How to build your personal brand – even if you work for a company

Estimated read time: 9 minutes

Personal brands aren’t a new concept in the digital age. Everyone has a brand. Whether that’s locally or globally or online and offline or just offline.

Building your brand at the same time is easier than ever before, but it’s also harder.

Sure, I can post my stories. And I can share them. But that doesn’t mean anyone will read them.

And communicating across the globe has never been easier…

Jo Miller joined me on the podcast to share why everyone should consider building a personal brand and she shares some personal branding tips.

To build a personal brand:

  • Make sure you know what you stand for
  • Pick the networks and content types that work for you. For example, you aren’t going to see me dancing on TikTok but that works for some personal brands.
  • Share stories that are interesting and engage your audience.
  • Make sure it aligns with your professional life.

Personal branding tips as part of companies

Some companies seem afraid of personal brands. I find that interesting and even puzzling. Having strong personal brands in-house can help the business and the person. On LinkedIn, there’s a real advantage to sharing content from personal profiles over brand pages.

Read next: How to optimize your LinkedIn Profile for better social selling

Sometimes, it comes down to perceived control. Who owns the brands? And some employers want to own brands. Or at least they want to feel like they are in control. But who actually owns brands?

brand interactionThe real answer, of course, is: Our audiences.. You know what I mean: The people that listen to us and that we interact with. They own our brands. Whatever they say our brand is is indeed our brand – no matter how much we might disagree.

As Mark Schaefer mentioned on the podcast: How marketing works is changing. He calls it a marketing rebellion.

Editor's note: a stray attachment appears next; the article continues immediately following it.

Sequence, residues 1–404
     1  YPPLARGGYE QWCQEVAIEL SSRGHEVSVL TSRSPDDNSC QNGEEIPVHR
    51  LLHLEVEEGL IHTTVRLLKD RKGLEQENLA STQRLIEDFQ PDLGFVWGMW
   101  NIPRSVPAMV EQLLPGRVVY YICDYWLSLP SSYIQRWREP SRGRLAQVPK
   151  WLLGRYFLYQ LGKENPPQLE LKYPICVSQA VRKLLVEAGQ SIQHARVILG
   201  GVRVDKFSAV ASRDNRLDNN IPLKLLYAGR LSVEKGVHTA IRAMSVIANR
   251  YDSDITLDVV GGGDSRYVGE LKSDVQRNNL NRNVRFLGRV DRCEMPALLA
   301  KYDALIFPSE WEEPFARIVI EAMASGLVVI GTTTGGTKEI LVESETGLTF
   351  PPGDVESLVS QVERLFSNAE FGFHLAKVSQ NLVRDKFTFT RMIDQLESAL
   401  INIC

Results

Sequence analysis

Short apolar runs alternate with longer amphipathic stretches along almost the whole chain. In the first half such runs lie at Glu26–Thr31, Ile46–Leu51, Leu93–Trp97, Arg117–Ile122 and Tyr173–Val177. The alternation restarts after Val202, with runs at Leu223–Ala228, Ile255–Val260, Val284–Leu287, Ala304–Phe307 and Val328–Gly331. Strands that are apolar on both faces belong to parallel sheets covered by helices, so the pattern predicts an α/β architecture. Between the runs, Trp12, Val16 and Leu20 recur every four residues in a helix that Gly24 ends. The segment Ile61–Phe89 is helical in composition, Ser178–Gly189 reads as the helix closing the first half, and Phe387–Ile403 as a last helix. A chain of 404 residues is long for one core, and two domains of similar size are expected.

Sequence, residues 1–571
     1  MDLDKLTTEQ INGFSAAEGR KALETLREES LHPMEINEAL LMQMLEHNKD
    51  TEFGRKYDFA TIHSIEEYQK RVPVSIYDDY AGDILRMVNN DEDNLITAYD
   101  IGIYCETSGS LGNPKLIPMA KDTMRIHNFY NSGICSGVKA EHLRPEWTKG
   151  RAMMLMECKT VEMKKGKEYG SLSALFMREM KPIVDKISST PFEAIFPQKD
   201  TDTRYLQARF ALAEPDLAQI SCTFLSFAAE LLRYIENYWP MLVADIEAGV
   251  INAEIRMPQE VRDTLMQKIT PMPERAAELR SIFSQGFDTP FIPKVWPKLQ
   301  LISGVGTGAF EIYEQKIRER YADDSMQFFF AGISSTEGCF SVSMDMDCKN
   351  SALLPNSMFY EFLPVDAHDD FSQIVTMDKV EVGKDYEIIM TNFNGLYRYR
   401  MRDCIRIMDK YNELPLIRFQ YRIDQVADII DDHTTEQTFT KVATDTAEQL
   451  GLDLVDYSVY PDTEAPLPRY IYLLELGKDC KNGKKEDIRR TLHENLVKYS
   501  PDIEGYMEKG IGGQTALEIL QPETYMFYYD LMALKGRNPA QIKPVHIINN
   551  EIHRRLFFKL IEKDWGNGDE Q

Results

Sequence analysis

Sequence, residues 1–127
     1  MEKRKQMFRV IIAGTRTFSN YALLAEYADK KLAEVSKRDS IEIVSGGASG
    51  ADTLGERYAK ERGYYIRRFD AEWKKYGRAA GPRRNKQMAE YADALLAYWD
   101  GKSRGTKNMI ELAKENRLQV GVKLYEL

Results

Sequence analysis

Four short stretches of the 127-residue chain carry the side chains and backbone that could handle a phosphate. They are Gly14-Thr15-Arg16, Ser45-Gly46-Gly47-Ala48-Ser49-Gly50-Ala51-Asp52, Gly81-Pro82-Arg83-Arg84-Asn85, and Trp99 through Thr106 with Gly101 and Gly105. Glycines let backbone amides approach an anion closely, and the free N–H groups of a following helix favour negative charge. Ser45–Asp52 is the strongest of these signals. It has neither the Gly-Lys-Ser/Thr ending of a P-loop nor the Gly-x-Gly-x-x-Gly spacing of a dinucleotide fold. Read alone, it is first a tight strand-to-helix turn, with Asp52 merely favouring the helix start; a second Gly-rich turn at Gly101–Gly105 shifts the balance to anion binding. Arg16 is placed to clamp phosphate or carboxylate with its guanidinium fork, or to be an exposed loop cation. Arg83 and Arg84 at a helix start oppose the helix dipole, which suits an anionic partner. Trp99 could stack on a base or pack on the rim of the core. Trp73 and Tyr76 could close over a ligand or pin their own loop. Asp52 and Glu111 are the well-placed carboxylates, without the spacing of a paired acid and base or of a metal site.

For example, I like to say my brand is enterprise content strategy and building a content performance culture. More recently, livestreaming and podcasting has become a bigger part of it, too.

The business brand

This one is easy. It’s the business brand and related accounts. Company A is owned by its owners, shareholders, etc., and the accounts are clearly identifiable and have the business name in them. The business (let’s hope) has a strategy and a person or team update this account in line with that strategy.

The leaders brands

This is the first of two kinds of accounts that involve people as the public face. You may notice that I don’t call them personal accounts.

Having true personal accounts will become harder and harder as work and lives integrate more and more and become more open online. Especially for leaders in an organization, it’ll be hard to see a difference between their “personal” and “professional” identities. If those two identities don’t align, it’s hard for employees and external audiences to align them with each other. One’s trustworthiness could suffer.

Read next: How to handle blog bylines

The people (employees) brands

I call these people vs. employees brands because for many people nowadays it’s less and less likely to work for the same company for an entire career. The people brands are company independent, but when all three brands truly align internally and externally that’s when companies, their leaders and employees can all help each other by:

  • Strengthening each other’s brands